It has been a long time since I posted anything, and I doubt many people will find this post very interesting, but it is a topic that has been bugging me for a while. I’m aware that not everyone reading this is intimately familiar with the inner workings of Christian churches in the US, especially in evangelical Protestant churches, but, as the name implies, evangelism is a big deal. For those of you unaware, evangelism is basically the spreading of the Good News, the Gospel of Christ. This is basically the idea that God sent his Son, Christ, the Redeemer, to die as payment for the sins of the world, and that individuals can avoid being damned for all eternity if they but accept Christ as their personal Lord and Savior. Having some way of avoiding eternal torment is good news indeed, and the purpose of evangelism in Christianity is to tell people about this possibility for salvation. Of course, I am sure you’ve heard that story more times than you can count, and that’s the concern of this post.
It should be noted that evangelism is not proselytizing. Proselytism is actively attempting to convert someone on to your view, like your religion. The difference between proselytism and evangelism should be obvious as the former involves providing arguments for a specific position while the latter merely involves a declaration of some state of affairs.
With that out of the way I can get to the issue at hand. I do not think it would be controversial to say that most Christians believe there is a Scriptural mandate to evangelize (Matthew 28:19,20 and Mark 16:15 are common examples of this). But what happens when everyone already knows about the Gospel? Does it make sense to continue explicit evangelism programs when the message completely saturates the society in which the evangelism is happening? For anyone who suggests that the Bible doesn’t say to ever stop, I would suggest that commands generally have such understanding built into them. For example, if I tell you to cook a meal, it would make little sense to continue to cook after the meal was completed. Rather, the notion that you can stop once the ordered task has been finished seems implied in any reasonable interpretation of that command. In which case, I have to wonder why evangelism is still so important.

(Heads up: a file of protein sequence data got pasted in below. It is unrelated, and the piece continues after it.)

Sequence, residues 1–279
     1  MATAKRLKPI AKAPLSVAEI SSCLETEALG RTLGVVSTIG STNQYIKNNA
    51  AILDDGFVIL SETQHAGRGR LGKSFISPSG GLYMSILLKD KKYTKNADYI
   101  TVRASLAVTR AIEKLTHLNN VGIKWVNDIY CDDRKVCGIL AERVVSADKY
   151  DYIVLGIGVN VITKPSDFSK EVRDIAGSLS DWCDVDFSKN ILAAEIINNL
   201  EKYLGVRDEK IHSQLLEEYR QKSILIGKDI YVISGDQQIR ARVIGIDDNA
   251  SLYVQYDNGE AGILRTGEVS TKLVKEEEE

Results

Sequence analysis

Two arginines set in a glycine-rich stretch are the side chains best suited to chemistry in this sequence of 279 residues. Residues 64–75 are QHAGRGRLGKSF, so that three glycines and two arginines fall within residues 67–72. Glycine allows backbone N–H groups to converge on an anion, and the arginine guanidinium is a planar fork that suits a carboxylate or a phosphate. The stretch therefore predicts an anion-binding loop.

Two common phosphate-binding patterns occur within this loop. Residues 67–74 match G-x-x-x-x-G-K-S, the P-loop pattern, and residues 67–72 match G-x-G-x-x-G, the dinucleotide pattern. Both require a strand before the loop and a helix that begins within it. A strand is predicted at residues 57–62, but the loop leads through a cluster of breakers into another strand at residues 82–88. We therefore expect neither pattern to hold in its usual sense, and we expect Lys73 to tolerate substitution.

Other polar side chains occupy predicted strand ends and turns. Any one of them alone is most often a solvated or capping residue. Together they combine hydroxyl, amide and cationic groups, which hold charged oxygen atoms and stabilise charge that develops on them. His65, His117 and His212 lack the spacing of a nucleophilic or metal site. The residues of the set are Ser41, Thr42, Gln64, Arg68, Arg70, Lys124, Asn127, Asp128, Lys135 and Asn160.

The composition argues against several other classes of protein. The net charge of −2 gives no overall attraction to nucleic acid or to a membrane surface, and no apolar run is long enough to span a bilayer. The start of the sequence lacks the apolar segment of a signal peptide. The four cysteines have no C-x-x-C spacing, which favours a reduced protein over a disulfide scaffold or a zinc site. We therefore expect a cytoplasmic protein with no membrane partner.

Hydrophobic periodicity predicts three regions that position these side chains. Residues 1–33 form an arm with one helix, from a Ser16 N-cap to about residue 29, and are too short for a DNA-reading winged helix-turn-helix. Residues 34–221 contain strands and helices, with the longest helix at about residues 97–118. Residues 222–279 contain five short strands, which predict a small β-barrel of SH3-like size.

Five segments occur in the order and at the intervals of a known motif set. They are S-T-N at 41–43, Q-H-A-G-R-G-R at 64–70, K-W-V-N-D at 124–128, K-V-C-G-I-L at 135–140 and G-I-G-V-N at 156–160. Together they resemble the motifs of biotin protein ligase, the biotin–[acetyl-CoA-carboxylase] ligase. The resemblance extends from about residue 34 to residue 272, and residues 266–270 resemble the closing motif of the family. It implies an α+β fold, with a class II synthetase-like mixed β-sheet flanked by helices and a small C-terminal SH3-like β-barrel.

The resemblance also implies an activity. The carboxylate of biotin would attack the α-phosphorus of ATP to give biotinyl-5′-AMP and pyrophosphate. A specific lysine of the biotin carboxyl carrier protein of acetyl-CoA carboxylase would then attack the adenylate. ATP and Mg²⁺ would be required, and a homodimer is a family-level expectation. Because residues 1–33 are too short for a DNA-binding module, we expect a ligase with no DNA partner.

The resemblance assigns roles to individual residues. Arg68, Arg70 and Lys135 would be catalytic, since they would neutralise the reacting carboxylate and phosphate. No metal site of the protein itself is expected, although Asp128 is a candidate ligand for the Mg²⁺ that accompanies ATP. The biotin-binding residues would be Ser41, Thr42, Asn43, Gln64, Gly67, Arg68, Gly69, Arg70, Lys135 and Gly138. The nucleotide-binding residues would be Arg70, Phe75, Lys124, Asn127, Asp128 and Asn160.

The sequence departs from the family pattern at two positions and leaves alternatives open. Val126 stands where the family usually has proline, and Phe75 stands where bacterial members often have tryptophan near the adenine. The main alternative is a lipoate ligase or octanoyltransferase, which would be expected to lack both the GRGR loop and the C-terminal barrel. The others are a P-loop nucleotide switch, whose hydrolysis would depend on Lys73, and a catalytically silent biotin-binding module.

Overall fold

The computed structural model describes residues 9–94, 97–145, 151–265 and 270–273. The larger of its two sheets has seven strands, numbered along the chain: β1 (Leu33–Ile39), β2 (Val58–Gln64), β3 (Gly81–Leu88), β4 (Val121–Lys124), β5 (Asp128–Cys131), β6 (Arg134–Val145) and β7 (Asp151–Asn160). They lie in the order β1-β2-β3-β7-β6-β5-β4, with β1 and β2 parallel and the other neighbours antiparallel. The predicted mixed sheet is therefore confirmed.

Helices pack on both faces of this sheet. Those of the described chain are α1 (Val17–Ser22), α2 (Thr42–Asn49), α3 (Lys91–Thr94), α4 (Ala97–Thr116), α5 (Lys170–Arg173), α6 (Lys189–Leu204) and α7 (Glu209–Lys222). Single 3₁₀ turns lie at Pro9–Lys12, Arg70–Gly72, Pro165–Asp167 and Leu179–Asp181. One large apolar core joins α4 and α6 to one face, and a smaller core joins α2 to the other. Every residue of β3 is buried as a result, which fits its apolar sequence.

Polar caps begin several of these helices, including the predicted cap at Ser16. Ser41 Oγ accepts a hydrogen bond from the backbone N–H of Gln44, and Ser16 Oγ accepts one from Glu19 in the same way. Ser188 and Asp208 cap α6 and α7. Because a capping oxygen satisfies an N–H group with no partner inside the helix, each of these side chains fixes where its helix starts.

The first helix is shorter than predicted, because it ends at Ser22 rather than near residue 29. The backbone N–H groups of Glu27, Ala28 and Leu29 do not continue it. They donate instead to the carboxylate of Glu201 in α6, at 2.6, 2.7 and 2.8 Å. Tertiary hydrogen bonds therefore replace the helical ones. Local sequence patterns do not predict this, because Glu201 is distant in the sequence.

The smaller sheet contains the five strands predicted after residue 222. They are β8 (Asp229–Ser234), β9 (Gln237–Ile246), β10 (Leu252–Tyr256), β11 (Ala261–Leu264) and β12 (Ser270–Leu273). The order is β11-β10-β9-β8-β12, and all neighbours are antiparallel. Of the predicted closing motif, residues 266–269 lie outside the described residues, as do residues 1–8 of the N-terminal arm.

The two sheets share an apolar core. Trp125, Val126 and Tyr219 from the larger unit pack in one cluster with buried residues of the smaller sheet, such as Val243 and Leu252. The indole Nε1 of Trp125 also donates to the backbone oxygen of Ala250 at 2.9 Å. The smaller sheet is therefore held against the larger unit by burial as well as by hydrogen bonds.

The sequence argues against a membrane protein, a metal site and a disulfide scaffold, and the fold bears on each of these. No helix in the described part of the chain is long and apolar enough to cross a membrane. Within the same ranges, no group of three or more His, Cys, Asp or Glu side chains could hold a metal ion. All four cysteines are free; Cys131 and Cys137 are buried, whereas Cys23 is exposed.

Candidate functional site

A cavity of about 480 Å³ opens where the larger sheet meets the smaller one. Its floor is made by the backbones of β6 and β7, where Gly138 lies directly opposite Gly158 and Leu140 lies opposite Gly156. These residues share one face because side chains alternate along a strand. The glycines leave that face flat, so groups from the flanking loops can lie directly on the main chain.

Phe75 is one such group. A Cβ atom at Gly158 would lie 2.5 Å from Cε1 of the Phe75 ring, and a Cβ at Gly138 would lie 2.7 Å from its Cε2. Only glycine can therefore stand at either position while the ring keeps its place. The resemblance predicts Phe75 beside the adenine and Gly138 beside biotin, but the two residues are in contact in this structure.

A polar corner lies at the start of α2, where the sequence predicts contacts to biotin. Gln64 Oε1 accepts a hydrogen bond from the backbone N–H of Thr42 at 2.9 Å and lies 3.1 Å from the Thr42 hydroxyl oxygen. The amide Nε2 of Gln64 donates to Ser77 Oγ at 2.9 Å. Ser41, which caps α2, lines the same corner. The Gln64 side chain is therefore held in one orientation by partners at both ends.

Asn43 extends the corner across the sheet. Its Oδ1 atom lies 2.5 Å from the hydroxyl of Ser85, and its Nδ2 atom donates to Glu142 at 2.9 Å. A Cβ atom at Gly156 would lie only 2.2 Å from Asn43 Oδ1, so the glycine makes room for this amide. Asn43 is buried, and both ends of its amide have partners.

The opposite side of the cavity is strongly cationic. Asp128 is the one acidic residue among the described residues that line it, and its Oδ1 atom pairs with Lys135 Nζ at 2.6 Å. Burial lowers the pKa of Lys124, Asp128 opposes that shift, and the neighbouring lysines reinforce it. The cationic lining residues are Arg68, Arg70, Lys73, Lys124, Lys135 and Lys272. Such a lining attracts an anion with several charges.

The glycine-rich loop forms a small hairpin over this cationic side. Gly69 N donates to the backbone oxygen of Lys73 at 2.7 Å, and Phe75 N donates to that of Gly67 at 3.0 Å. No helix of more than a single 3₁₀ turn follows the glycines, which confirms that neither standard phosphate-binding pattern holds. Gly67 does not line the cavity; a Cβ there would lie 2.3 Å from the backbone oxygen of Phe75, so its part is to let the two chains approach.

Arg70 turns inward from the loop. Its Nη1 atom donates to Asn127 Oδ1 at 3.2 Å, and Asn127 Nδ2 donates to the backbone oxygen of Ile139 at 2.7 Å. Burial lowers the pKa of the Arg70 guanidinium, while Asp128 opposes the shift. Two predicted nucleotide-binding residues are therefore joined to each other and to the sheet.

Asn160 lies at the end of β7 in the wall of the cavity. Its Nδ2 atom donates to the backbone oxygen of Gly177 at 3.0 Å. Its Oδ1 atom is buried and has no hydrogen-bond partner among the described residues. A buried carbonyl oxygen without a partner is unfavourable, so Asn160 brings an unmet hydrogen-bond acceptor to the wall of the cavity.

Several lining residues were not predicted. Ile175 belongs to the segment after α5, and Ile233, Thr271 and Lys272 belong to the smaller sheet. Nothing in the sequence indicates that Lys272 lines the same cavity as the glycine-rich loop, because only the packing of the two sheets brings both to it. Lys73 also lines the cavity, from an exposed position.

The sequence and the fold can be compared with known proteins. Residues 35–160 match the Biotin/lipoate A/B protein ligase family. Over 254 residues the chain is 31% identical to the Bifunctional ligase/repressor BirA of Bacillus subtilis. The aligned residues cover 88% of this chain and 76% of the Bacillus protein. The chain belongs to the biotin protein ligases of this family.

Here’s the big point: everyone already knows the Good News. And no one has to take my word for it. Check out the picture to the right. It has a single word on it: Jesus. That’s it. No context is provided in the sign itself. Rather, the assumption is that merely saying the name will tell the reader all they need to know. It’s a reminder, not something that communicates new information. And this kind of sign is not unique. On the contrary, it is incredibly common. In my city there are whole billboards that say nothing other than “JESUS” or “PRAY.” That’s it. Just big while letters on a black background. And yet, I think people would be very surprised if anyone seeing those signs asked “What’s a Jesus? Is that some guy? Why is his name up there?” or “Pray for what, about what, TO WHAT?” That would just be unthinkable to those putting up these signs. Rather, they assume that an understanding of the intent of the “message” is available to everyone seeing these signs, else they would have included that information. But, of course, that’s just not something they need consider because everyone already knows the story of Jesus.
And that’s exactly my point. The entire endeavor of evangelizing, at least here in the US, is completely pointless, and those people most concerned about this action are the ones most evidently aware of this fact. It would never occur to them that someone had genuinely never heard of Jesus, and, of course, it should not occur to them. The story of Jesus’ death and resurrection and the purpose behind that are so pervasive in our society that getting through without hearing the details is simply impossible.
That just leaves me with one unanswered question: what exactly do all these evangelists even think they are doing?